At a playground in Sound Beach resides a small memorial dedicated to Bruce Kerndl and Charles Prchal, two American servicemen who died in Vietnam in 1966 and 1969, respectively.
Every year on Veterans Day, Sound Beach resident Jim Henke, a local Vietnam War veteran who fought alongside these fallen heroes, leads an informal dedication ceremony to celebrate their lives. This year would be no different.
On Friday, Nov. 11, Henke led the morning service once again. He has held this service every year since 1997, he said. To the small crowd of spectators gathered at the playground, he outlined why he comes back.
“They died in vain, horrible deaths for Charlie and Bruce, and in combat,” he said. “We’re going to die at home, and we’ve lived our lives. They didn’t have that chance.”
Despite the solemn occasion of this gathering, the mood was joyful and uplifting. Henke and others delivered impromptu speeches throughout the morning, with plenty of jokes and humorous anecdotes.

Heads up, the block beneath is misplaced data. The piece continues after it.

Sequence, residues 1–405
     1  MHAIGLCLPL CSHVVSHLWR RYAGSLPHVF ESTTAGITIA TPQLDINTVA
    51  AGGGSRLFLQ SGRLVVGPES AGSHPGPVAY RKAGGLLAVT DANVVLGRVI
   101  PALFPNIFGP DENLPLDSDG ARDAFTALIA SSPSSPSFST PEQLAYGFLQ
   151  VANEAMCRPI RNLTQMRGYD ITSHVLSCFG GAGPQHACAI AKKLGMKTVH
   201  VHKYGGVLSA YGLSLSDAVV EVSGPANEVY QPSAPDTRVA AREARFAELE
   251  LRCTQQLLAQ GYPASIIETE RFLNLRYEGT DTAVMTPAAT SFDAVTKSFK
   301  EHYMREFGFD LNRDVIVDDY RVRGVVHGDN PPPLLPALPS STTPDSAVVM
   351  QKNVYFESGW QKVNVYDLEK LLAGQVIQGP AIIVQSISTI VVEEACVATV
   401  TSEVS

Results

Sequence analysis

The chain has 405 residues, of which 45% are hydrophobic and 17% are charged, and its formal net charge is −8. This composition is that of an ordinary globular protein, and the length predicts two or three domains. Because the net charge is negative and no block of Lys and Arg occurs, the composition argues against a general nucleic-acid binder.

Henke described the event as spontaneous and unrehearsed without a script, a program or a list of speakers. What is spoken, he noted, comes from the heart. “I do everything from the top of my head,” he said.
Henke then opened the floor for anyone to acknowledge a veteran in his or her own life. For him, Veterans Day is not a day for solitary reflection but for family, friends and community to come together to honor the fallen. For this reason, the yearly memorial is a highly collaborative setting.
In holding this service, Henke keeps the memory and legacy of Kerndl and Prchal alive. Though their deaths were premature, Henke refuses to let them be forgotten.
“Their parents went to their grave knowing that their sons weren’t forgotten,” he said. “I promised them I’ll do it until I die.”